The GED test allows adults who didn’t complete their high school curriculum to earn a high school equivalency diploma.
This diploma has the same value as a common high school diploma. The GED test is available in all Canadian provinces and territories except British Colombia. Keep reading to learn how it works and how to quickly prepare for this exam.
GED Test vs High School
Similarly to the USA, in Canada, students receive a high school equivalency diploma if they pass 5 subject tests. The U.S. GED test has four subtests. Students are not required to attend prep classes, and they don’t get credit for school participation.
Of course, smart students know that the key to passing the GED test is proper preparation, but this can be done online, for example, by attending Canadian online GED classes offered by Onsego.
The five modules (independent, separate subtests) of the Canadian GED exam cover the academic subject fields of Mathematical Reasoning, Science, Language Arts Reading, Language Arts Writing, and Social Studies.
To be successful on the Canadian GED test, students will have to attain a score of at least 450 out of 800 on each of the five GED modules. So, the minimally required overall score is 2250 across the board. Averaging is no option.
Upon passing the five GED subtests, students will receive their High School Equivalency Diplomas. This credential has the same value as a common high school diploma.
Just like the U.S. GED diploma is equivalent to a U.S. high school diploma, the Canadian GED is equivalent to a standard Canadian high school diploma. The credential is recognized and accepted by just about all North American colleges and universities, employers, government organizations, and employers.
The GED test in Canada is developed and published by the same company that publishes the U.S. GED exam, GED Testing Service, a joint venture of the American Council on Education (ACE) and publisher Pearson VUE.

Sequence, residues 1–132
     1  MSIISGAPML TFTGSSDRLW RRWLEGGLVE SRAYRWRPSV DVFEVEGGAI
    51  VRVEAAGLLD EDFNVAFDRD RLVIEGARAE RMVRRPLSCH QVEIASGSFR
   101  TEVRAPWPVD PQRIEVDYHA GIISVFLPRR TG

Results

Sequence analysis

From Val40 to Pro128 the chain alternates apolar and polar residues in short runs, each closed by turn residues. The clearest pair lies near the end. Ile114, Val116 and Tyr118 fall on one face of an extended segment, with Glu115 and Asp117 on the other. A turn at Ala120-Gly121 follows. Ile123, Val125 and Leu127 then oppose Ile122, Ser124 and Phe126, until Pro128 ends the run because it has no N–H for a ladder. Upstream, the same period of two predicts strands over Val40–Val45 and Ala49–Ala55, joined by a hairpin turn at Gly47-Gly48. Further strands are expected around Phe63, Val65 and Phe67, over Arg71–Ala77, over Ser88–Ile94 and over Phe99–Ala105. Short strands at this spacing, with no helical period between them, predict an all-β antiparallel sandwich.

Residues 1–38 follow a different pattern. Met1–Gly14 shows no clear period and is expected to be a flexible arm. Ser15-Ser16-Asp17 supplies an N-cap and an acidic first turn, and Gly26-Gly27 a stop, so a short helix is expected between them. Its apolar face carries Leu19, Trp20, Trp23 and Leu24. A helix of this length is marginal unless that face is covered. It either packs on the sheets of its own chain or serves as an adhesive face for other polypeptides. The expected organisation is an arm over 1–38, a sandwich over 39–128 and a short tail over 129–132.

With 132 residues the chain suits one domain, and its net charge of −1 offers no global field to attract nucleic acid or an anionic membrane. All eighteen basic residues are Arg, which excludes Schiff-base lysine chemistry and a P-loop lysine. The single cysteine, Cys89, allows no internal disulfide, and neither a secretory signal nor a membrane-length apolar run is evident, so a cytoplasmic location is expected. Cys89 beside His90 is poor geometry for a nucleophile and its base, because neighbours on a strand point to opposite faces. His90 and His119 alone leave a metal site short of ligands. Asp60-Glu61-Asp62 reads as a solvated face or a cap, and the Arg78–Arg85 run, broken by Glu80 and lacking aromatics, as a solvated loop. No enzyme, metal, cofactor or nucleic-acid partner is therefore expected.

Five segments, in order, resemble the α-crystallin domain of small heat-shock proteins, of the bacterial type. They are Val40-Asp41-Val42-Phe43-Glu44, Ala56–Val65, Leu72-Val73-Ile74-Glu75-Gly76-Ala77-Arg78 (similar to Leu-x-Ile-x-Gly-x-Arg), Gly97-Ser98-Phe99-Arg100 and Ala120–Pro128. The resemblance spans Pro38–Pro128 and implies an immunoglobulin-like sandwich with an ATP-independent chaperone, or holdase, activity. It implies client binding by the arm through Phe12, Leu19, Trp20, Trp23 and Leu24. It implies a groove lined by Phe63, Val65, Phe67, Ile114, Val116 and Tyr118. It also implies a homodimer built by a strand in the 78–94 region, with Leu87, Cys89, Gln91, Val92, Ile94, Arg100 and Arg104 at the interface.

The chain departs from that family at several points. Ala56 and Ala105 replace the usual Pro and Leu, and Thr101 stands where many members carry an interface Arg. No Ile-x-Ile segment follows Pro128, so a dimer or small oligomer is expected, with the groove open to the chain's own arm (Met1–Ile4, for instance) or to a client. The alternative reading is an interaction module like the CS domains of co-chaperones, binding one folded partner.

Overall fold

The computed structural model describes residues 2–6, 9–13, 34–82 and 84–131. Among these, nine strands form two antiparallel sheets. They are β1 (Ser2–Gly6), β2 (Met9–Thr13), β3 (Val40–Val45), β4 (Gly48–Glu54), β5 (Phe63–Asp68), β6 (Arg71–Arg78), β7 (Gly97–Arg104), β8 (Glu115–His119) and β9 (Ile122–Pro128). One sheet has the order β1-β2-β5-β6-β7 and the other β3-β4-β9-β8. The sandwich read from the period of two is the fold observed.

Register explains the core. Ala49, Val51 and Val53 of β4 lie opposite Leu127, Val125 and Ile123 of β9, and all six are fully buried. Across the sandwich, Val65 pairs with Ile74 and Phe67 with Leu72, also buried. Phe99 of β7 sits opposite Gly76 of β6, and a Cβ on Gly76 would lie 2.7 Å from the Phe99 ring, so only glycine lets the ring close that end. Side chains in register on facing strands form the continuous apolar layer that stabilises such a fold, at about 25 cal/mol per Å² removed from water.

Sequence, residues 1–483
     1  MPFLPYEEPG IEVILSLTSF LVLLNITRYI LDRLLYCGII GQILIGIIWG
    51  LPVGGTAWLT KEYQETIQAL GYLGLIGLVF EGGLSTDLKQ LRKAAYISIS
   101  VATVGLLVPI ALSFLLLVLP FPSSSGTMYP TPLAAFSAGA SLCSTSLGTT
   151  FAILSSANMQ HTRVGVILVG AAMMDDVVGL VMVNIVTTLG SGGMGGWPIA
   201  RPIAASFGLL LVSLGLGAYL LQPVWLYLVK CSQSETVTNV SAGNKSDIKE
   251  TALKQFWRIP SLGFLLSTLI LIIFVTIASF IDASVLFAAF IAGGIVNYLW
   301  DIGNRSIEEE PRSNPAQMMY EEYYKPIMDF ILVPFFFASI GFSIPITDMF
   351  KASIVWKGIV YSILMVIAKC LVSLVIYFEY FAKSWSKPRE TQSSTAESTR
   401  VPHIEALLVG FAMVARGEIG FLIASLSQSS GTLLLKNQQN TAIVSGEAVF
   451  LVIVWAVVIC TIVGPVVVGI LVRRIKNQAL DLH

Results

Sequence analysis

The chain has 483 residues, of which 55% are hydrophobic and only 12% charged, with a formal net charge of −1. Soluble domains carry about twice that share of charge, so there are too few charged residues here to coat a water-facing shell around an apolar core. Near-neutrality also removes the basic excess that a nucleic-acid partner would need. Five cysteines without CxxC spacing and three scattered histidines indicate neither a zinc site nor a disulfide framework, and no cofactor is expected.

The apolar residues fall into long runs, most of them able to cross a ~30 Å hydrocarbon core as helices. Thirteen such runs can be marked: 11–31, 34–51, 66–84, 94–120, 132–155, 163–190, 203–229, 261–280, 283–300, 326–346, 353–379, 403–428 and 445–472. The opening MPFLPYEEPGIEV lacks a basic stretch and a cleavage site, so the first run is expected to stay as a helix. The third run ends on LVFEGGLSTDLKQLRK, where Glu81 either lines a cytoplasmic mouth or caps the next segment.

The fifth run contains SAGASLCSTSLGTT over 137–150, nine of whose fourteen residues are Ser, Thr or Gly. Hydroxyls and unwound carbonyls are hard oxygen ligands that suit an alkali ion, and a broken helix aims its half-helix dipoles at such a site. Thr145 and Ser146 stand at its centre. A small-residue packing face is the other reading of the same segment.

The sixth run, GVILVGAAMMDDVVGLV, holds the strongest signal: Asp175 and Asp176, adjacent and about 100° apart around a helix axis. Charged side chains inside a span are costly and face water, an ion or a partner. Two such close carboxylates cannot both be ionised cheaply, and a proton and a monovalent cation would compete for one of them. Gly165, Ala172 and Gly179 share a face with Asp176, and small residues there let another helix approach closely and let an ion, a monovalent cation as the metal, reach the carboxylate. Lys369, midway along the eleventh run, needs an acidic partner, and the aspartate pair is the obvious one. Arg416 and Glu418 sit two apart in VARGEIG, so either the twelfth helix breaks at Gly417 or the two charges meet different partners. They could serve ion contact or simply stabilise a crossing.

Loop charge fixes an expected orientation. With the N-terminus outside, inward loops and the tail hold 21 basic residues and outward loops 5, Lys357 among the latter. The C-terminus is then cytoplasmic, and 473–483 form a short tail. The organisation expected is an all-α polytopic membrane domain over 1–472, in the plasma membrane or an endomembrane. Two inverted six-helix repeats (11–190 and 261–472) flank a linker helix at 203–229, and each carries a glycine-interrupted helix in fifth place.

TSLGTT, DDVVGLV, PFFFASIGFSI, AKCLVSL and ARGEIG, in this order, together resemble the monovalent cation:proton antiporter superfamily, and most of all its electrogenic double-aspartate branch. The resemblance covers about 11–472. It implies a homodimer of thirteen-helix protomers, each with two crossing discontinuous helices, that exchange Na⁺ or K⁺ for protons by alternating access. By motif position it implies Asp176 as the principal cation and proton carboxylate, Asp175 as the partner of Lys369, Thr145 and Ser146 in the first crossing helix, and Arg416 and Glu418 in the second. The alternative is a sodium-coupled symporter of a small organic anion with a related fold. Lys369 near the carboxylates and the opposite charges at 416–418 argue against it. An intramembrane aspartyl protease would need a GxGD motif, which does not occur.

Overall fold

Age GED Requirements in Canada
- In Quebec, 16-year-olds can sit for the GED exam if they meet strict requirements.
- In Alberta and Yukon Territory, 17-year-olds can sit for the GED exam.
- In Ontario, Newfoundland & Labrador, Northwest Territories, Manitoba, New Brunswick, Prince Edward Island, and Saskatchewan, GED applicants must be at least 18 years old.
- In Nunavut and Nova Scotia, the minimum age for GED testers is 19.
In Canada, there is no online GED test available. Upon registering for the exam (at GED.com), you can choose a GED test center in your area. If your nearest test center is not in your province, please check residency requirements and minimum age criteria. Some Canadian provinces allow individuals from other provinces to sit for the GED exam, while others do not.
Earning your GED diploma will definitely lead to better employment opportunities and the credential qualifies for a college education as well. And keep in mind that the GED exam is not so difficult if you are optimally prepared. With Onsego’s online GED classes, chances are you’ll be optimally prepared for the Canadian GED exam in just a few weeks. What’s holding you back?
In conclusion, Onsego’s online GED classes and practice tests are the best tools to get ready for the Canadian GED test.
How long are the Canadian GED subtests?
The Canadian GED exam can be taken at a testing facility. Online testing is not (yet) available in Canada. The GED exam at a test center is administered over two days, often on Friday evenings and subsequent Saturdays with short breaks in between the five subtests.
In the U.S., the GED exam can be taken at a test center or in an online proctored format. GED testers can take one of the five modules at a time and in any order.
The five Canadian GED sub-exams are timed as follows:
- Mathematics: 90 minutes (multiple choice)
- Science: 80 minutes (multiple choice)
- Language Arts Reading: 65 minutes (multiple choice)
- Language Arts Writing: Part 1: 75 minutes, Part 2: 45 minutes (multiple choice and writing)
- Social Studies: 70 minutes (multiple choice)
The Mathematics module covers Number Operations & Number Sense, Geometry & Measurement, Data Analysis, Statistics & Probability, Algebra, Functions & Patterns.
The Science module covers Physics & Chemistry, Life science, and Earth & Space science.
The Language Arts Reading module covers Poetry, Drama, Prose, Visual & Performing Arts Reviews, and Workplace & Community Documents.
The Language Arts Writing module covers Organization, Sentence Structure, Usage, and Mechanics (Part 1), and an Essay (Part 2).
The Social Studies module covers History, Geography, Civics $ Government, and Economics.